Funded by the European Maritime and Fisheries Fund, this project will create the first aquaculture site in the Humber Estuary. Aquaculture is also known as aquafarming, and can be contrasted with commercial fishing which is the harvesting of wild fish.
Designed for training and demonstration, this project will reintroduce a native oyster population to the Humber Estuary for the first time since the 1950’s, alongside trialling bouchot mussels and tubed razor clams. The site is based at Spurn Point in a sheltered area near the former bathing beach and carpark, where students will be able to monitor growth, water quality, and the marine wildlife.
Dr Magnus Johnson of the Biology and Marine Sciences department at Hull University said, “This is a very exciting partnership venture to bring back an iconic native species to the Humber – hopefully a start at rewilding what has historically been a heavily industrialised estuary.”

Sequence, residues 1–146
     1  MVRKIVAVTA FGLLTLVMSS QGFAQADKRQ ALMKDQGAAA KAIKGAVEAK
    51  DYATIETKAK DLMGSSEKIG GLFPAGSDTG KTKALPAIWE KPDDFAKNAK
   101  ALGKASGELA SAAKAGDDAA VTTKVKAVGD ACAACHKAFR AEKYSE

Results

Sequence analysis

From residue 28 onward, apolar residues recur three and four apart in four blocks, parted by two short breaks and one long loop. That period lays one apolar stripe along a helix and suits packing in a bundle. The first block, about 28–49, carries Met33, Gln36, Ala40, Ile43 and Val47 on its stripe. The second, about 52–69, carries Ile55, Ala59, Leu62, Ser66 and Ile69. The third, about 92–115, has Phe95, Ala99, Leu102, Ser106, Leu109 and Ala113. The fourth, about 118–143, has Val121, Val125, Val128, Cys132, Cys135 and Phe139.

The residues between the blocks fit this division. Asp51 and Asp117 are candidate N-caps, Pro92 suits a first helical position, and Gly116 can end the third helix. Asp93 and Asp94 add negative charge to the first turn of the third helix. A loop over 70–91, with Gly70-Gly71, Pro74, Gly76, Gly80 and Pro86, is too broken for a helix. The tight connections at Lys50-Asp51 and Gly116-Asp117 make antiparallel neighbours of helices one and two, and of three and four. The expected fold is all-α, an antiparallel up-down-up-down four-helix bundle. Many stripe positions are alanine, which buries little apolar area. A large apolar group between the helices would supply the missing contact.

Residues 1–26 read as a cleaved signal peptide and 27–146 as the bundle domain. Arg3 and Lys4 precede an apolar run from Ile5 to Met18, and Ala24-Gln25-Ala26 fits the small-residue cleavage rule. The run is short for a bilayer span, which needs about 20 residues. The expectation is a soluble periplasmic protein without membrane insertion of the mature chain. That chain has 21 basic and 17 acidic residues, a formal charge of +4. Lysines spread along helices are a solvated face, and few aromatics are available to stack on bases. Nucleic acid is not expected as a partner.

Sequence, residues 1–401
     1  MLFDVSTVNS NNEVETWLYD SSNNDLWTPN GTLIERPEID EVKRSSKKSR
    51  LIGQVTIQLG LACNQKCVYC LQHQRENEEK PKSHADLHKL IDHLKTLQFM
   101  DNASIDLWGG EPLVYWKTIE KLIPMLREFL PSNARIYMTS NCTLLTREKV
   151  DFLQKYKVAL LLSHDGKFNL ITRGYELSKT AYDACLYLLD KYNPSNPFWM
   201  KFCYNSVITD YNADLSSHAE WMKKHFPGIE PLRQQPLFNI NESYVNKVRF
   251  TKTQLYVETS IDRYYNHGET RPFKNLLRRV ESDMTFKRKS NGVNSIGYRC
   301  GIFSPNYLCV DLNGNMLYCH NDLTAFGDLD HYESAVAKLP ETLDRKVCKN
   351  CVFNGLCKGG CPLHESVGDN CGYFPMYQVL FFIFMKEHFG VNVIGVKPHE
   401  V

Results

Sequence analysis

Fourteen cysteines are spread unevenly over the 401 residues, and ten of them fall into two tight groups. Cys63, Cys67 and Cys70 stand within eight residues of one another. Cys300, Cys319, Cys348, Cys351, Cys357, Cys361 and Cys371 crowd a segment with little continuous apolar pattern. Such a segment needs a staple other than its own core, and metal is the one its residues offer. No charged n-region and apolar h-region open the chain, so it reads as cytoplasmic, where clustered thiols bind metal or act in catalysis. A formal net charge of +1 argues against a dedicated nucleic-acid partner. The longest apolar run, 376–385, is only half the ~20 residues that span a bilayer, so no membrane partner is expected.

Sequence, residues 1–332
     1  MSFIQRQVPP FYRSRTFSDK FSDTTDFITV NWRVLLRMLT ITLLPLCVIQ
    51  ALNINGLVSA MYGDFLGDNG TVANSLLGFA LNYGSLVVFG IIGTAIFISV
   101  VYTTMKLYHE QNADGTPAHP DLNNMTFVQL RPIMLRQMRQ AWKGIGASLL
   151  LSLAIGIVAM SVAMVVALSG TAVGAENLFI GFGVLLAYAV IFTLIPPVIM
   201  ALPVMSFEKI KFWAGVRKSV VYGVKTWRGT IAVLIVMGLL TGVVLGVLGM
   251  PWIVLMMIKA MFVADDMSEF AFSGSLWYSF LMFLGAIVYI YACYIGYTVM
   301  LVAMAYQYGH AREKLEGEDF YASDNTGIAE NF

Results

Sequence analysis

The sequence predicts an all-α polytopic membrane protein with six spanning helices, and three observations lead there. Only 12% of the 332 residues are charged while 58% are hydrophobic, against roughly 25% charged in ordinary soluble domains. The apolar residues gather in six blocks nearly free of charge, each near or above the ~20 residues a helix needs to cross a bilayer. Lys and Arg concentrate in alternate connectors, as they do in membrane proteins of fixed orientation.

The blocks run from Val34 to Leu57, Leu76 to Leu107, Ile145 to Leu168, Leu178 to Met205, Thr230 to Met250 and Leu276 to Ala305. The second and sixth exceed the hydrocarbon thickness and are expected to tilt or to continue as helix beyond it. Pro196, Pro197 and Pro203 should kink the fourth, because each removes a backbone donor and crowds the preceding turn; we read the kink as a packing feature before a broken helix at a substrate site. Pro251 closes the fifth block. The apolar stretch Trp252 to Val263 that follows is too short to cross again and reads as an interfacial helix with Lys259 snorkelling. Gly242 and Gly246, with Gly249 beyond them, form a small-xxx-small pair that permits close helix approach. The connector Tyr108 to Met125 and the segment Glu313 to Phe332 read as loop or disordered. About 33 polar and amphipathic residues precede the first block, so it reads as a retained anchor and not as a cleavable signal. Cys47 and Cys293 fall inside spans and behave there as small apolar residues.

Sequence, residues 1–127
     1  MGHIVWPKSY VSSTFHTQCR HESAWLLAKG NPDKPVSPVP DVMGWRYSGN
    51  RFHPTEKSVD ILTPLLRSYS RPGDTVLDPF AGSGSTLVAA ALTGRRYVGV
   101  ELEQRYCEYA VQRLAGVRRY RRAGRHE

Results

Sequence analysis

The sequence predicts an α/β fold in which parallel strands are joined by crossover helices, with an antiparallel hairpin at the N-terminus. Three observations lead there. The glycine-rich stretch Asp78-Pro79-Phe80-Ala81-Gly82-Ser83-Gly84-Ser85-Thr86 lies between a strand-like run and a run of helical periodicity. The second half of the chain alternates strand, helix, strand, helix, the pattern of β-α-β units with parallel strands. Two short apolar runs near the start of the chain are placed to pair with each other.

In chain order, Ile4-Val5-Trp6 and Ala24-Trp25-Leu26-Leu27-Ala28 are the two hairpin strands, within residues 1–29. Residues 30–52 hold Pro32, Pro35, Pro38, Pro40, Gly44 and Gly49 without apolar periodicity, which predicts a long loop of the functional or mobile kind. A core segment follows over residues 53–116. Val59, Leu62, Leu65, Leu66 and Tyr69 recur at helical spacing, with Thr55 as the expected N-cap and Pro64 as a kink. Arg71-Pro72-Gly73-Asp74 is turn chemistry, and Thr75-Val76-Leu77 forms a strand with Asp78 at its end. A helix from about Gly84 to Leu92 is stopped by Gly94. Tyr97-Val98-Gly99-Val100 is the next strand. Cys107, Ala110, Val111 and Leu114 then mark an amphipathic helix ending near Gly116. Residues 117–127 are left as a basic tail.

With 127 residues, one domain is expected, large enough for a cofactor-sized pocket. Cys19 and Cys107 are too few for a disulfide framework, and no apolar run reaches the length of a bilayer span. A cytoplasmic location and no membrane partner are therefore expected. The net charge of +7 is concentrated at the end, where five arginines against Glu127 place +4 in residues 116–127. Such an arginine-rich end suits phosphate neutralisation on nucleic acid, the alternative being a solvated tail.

Dr James Wood, Yorkshire Wildlife Trust Fisheries and Research Manager, explains; “This partnership provides the opportunity to reintroduce a vulnerable keystone species back into the estuary and create a unique training platform for the region. We hope this site will not only support students training and development, but enhance biodiversity and bring wider benefits to the estuary and its protected features as well.”